Jean-Paul’s Rating: 5/5 Stars
Bottom line: Dark. Depressing. Brilliant.
It is hard to admit that you liked a film such as “12 Years a Slave”. It is a brutal and honest recounting of the darkest part of American history. It is based on the autobiography of the same name which recounts the twelve years that free man Solomon Northup spent in slavery after being kidnapped and sold in the South. Free Blacks being kidnapped and sold into slavery was a common occurrence. The uncommon occurrence was Solomon Northrup being rescued from slavery and being able to write about it for the world to hear. I do not feel that I am spoiling the ending by telling you this because it may make you feel a lot better to know that the movie has a happy ending. If you can call that happy. The many unhappy endings throughout make even this small victory bitter.
The injustices perpetrated upon Solomon Northup are legion, but the one that sticks in my mind the most is the one done at the hands of Ford, the “good” slave owner. There is little doubt that Ford knew all along that Northup was once free and, despite his decent treatment of his slaves, he did nothing to help Northup and ends up selling Northup the minute he becomes inconvenient. To some extent, one must accept the evil in the world, but putting on a facade of good to cover the rot in your soul gets to me more than the actions of the cruellest of dictators.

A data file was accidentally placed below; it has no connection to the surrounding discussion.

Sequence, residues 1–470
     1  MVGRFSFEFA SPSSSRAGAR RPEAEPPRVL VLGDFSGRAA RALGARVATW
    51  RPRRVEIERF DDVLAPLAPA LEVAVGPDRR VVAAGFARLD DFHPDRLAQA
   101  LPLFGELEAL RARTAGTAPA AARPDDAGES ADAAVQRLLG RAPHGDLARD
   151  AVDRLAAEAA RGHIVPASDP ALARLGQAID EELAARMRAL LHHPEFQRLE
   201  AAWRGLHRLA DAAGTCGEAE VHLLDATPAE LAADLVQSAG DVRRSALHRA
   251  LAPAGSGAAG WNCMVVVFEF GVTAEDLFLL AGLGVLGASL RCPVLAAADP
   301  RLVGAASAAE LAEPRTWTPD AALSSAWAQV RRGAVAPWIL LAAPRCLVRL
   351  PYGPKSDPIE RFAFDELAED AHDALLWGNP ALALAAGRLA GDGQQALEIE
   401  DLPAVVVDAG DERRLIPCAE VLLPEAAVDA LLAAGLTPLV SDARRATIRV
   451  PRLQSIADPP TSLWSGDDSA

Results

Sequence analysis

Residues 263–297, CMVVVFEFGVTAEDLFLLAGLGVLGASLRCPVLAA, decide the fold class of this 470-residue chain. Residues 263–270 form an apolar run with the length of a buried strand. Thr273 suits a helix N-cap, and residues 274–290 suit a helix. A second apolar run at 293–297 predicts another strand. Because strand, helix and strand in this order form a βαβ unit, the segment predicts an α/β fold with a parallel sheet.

Despite it’s dark content, there is a lot of beauty in this movie as well. The dire circumstances are interspersed with hauntingly beautiful landscapes that only the South can provide. Director Steve McQueen (not THAT Steve McQueen) does a remarkable job of not only bringing to life the daily cruelties but also the daily pleasures that slaves try to bring to their lives.
This is certainly not a feel good movie and the violence is often quite graphic. That makes it very hard to recommend this movie to a general audience. But neither life nor history is all rainbows and lollipops. Sometimes you need to look into the dark maw of the past to see our not so sparkly past. Only then can we create a slightly less muddy future.